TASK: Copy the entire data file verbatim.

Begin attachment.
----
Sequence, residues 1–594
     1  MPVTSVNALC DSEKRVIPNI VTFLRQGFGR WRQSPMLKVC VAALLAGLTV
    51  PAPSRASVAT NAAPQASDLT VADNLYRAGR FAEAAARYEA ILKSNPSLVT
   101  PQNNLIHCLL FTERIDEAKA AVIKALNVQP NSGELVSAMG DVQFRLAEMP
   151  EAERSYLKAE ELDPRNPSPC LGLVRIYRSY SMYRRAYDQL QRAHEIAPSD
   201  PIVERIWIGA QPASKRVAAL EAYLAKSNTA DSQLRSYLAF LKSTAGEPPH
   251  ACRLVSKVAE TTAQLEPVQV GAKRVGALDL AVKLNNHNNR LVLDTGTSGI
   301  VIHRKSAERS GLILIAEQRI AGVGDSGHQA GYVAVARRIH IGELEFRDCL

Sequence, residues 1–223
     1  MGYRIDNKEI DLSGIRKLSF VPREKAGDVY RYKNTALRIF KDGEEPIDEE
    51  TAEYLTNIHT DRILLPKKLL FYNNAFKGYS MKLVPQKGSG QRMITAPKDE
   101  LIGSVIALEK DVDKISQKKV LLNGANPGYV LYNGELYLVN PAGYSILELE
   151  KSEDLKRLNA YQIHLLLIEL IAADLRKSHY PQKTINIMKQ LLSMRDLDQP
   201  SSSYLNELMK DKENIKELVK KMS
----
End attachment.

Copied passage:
Sequence, residues 1–594
     1  MPVTSVNALC DSEKRVIPNI VTFLRQGFGR WRQSPMLKVC VAALLAGLTV
    51  PAPSRASVAT NAAPQASDLT VADNLYRAGR FAEAAARYEA ILKSNPSLVT
   101  PQNNLIHCLL FTERIDEAKA AVIKALNVQP NSGELVSAMG DVQFRLAEMP
   151  EAERSYLKAE ELDPRNPSPC LGLVRIYRSY SMYRRAYDQL QRAHEIAPSD
   201  PIVERIWIGA QPASKRVAAL EAYLAKSNTA DSQLRSYLAF LKSTAGEPPH
   251  ACRLVSKVAE TTAQLEPVQV GAKRVGALDL AVKLNNHNNR LVLDTGTSGI
   301  VIHRKSAERS GLILIAEQRI AGVGDSGHQA GYVAVARRIH IGELEFRDCL

Sequence, residues 1–223
     1  MGYRIDNKEI DLSGIRKLSF VPREKAGDVY RYKNTALRIF KDGEEPIDEE
    51  TAEYLTNIHT DRILLPKKLL FYNNAFKGYS MKLVPQKGSG QRMITAPKDE
   101  LIGSVIALEK DVDKISQKKV LLNGANPGYV LYNGELYLVN PAGYSILELE
   151  KSEDLKRLNA YQIHLLLIEL IAADLRKSHY PQKTINIMKQ LLSMRDLDQP
   201  SSSYLNELMK DKENIKELVK KMS